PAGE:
Benjamin Shwartz

FIRST VIOLINS  Vlad Stanculeasa, concertino / Maria José Aznar / Walter Ebenberger / Ana Galán / Natalia Mediavilla / Katia Novell / Pilar Pérez / Jordi Salicrú | SECOND VIOLINS Emil Bolozan,  assistant / Maria José Balaguer / Jana Brauninger / Patricia Bronisz / Clàudia Farrés / Mireia Llorens / Robert Tomàs VIOLAS Duccio Beluffi, guest soloist / Josephine Fitzpatrick, assistant / Franck Heudiard / Michel Millet / Jennifer Stahl CELLOS Jose Mor, soloist / Vincent Ellegiers / Marc Galobardes / Jean Baptiste Texier | DOUBLE BASS Christoph Rahn, soloist / Matthew Nelson  | FLUTES Francisco López, soloist / Beatriz Cambrils / Ester Esteban  | OBOES Disa English, soloist / José Juan Pardo / Molly Judson, English horn | CLARINETS Larry Passin, soloist / Francesc Navarro / Josep Fuster, assistant and clarinet in Eb / Alfons Reverté, bass clarinet | FAGOTS Silvia Coricelli, soloist/ Noah Cantú / Slawomir Krysmalski, contrabassoon | TRUMPETS Juan Manuel Gómez, soloist / David Bonet / Juan Conrado García, assistant | TRUMPETS Mireia Farrés, soloist  / Adrián Moscardó / Raúl Calvo | TROMBONES Eusebio Sáez, soloist / Vicent Pérez / Raúl García, bass trombone | TIMPANI Marc Pino | PERCUSSION Juan Francisco Ruiz / Ignasi Vila / Miquel Angel Martínez | ARPA Magdalena Barrera, soloist | LIBRARIAN Begoña Pérez | PLANNING DIRECTOR: Joan Cortés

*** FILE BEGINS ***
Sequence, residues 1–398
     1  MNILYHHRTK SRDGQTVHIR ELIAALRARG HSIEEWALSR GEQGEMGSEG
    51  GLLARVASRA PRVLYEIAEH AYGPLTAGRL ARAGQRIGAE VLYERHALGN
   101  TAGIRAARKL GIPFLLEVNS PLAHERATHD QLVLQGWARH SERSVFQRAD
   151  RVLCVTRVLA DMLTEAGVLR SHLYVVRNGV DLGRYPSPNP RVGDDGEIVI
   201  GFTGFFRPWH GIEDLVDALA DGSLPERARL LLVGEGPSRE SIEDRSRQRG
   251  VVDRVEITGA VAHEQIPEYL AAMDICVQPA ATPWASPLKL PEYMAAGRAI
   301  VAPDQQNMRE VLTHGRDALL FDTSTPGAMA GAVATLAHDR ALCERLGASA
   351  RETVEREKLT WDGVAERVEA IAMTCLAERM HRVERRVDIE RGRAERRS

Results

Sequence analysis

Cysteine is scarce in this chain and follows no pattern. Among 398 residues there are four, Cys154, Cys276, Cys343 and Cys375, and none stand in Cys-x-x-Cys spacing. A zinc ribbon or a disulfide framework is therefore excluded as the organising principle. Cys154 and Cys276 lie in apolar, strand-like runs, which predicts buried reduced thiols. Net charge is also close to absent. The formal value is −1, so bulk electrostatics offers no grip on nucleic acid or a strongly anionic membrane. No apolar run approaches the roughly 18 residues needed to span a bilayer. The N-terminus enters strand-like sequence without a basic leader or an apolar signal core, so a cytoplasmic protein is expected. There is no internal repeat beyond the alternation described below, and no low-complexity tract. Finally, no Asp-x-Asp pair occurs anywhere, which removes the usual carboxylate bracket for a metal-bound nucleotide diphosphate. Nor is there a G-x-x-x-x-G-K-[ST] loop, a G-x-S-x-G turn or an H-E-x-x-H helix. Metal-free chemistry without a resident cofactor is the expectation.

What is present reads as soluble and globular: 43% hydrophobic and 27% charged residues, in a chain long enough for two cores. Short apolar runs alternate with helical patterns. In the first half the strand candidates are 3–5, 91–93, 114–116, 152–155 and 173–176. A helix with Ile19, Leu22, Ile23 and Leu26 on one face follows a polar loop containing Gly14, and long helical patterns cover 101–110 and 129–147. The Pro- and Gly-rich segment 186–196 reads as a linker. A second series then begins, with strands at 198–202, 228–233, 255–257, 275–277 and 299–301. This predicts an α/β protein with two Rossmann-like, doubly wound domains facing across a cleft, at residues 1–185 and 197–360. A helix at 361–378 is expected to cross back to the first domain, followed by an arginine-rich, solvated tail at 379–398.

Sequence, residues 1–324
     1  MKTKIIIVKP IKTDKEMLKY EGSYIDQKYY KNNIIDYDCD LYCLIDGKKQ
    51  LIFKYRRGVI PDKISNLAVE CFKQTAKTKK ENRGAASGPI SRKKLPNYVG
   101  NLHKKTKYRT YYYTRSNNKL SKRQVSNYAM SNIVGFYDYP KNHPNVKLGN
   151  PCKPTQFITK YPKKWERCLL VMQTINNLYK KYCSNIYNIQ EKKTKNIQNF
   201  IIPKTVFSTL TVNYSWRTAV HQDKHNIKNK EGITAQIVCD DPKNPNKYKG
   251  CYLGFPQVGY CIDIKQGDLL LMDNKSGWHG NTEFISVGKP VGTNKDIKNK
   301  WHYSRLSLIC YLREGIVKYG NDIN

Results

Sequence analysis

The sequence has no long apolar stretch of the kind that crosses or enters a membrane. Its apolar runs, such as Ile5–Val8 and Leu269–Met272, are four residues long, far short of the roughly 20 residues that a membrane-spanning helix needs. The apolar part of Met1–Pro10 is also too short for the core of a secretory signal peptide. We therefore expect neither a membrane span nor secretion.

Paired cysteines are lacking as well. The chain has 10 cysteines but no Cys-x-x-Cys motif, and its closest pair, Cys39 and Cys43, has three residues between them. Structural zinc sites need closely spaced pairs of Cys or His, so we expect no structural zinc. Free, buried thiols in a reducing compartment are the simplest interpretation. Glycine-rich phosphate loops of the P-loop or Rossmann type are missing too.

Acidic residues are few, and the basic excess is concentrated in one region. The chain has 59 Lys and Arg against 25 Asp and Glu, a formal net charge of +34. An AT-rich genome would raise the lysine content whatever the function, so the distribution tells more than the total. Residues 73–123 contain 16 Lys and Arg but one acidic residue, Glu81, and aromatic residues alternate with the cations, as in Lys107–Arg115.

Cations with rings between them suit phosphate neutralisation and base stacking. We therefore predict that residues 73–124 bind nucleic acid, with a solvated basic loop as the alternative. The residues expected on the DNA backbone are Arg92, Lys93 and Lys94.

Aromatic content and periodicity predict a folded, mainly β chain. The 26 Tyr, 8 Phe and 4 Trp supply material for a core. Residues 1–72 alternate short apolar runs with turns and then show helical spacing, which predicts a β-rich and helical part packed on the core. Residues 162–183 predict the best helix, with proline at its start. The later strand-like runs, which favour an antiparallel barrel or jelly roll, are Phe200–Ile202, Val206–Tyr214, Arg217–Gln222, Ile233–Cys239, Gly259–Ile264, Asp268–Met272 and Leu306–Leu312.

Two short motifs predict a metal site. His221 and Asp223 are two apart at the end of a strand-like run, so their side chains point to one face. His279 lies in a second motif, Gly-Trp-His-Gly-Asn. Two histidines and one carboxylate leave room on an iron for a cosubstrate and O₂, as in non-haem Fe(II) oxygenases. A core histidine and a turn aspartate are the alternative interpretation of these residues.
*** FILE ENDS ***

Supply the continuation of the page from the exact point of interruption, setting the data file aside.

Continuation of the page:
Album recorded on January 26 and 27, 2021 in Sala 1 Pau Casals, L’Auditori de Barcelona.